Supplementary written evidence submitted by TikTok
Thank you again for the invitation to give evidence to the Welsh Affairs Select Committee on 10th May. During my testimony, I committed to following up with the Committee on a number of issues. I have therefore provided commentary on these points below.
During the discussions with Wayne David MP, we talked about Project Clover, TikTok's comprehensive plan for ensuring that UK and EEA users' data is protected. While I explained the core of Project Clover during the session, for clarity, the key elements are:
1. Data Stored in Europe, for Europe: We are moving our UK and EEA users' data to data centres in Ireland and Norway, meaning all UK and EEA users' data will be stored locally.
2. Comprehensive gateways for who can access what: We are strengthening further our internal gateways that ensure only employees who need specific data in order to do their jobs can access that data. Importantly, this will mean that 'protected personal data' will not be accessible to employees in China.
3. Third-Party Oversight: In an industry first for platforms like ours, we will be appointing a European third-party IT security company, who will oversee and monitor the operation of our gateways, meaning that there will be additional scrutiny of our practices.
More information on Clover can be found here. We will also ensure we keep individual Members of the Committee, and the House more widely, up to date with key milestones in delivering on this programme, which is already underway.
In answer to a question from Rob Roberts MP, I committed to providing the committee with information on the number of underage (i.e. under 13 years old) users we remove from the platform.
As mentioned during the Committee session, we were the first platform to be transparent about these figures and are the only platform to publish on a regular basis. We publish each quarter the number of accounts of suspected under 13s we remove at a global level. From October - December 2022, the latest figures available, we removed 17,877,316 accounts suspected of being underage. I can also confirm that we have shared the country-level data with Ofcom as our regulator under the Video-Sharing Provider (VSP) regime.
In a related question, Ben Lake MP, asked whether we had information about the average time between an account being created by an underage user and it being identified and removed. I committed to checking to see whether we held this data. Having made enquiries, I can confirm that, unfortunately, this is not readily calculatable.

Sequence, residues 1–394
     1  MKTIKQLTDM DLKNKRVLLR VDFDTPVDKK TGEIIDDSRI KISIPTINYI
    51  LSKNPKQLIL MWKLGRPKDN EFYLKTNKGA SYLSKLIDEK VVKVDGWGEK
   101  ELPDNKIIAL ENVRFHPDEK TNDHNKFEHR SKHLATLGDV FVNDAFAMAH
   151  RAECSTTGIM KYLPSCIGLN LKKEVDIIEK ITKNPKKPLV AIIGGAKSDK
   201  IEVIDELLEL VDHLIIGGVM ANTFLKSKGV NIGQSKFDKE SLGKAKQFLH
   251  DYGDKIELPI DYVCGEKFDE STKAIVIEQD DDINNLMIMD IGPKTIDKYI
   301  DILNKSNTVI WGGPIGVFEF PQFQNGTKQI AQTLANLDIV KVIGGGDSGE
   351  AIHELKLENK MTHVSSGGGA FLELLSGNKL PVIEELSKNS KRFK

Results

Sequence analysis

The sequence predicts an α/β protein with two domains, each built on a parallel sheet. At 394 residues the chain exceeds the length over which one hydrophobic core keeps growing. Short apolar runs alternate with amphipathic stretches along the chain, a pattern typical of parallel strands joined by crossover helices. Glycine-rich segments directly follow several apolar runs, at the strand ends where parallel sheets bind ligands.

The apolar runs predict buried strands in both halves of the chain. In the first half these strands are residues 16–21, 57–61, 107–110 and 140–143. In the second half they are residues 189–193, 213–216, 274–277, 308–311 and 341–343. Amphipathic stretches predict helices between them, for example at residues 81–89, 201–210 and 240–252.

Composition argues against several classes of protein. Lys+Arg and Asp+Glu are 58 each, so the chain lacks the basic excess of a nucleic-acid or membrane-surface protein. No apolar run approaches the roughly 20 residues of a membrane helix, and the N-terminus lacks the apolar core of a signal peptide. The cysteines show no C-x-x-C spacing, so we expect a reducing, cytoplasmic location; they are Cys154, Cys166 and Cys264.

Rob Roberts MP asked for the reasoning behind TikTok (and other platforms) having a 13 age rating and why we had settled on this threshold.
There are two key reasons for the age 13 threshold. Firstly, in the EU and the UK, the 'Digital Age of Consent' is set at 13. This is confirmed by the Information Commissioners' Office, which states:
"If you are relying on consent as your lawful basis for processing, when offering an online service directly to a child, in the UK only children aged 13 or over are able provide their own consent."
Secondly, for global platforms like TikTok, this approach is mirrored in the US under the 'Children's Online Privacy Protection Rule', which sets 13 as the minimum age at which certain important data handling processes can operate.
It is important to note that TikTok takes an age-appropriate design approach to our platform and so not all functionality is available from age 13. For example, our Direct Message services are not available until 16, and between 16 and 17 are set to default 'off'. There are also a number of services only available to 18+ users. These include the ability to host a LIVE stream or to send gifts as part of our LIVE services and the ability to use monetisation features. More information on these issues can be found here. For those under 18, we also have a default one-hour screen tap cap. To support parents with teen users, we also provide a 'Family Pairing' system that enables parents to set preferences for their teens' account. More information on these tools can be found here.
Wayne David MP also asked us about our position on the Online Safety Bill. As mentioned in the Committee, we are in favour of the Bill and have always supported regulation on safety issues as an important part of scrutiny for companies like ours. As also mentioned, TikTok is already regulated by Ofcom as a VSP.
I committed to providing a bit further detail on the areas of concern we do still have with the Bill. These concerns primarily relate to future-proofing the legislation and ensuring that it works effectively for content platforms like TikTok in addition to more traditional social networks like Facebook or Twitter.
Our concerns relate to clause 12(6) and (7b) of the user empowerment duties require services to "filter out content originating from unverified users from their feed”. We support the intent behind this clause. However, we believe that in practice the clause will not achieve this shared goal and could result in exacerbating the risk of so-called 'filter bubbles' by reducing our ability to ensure that users see a diverse range of content. I have attached a confidential, more detailed briefing for Committee Members.
Thank you again for the Committee's time and we look forward to continued engagement with you in the future.
25 May 2023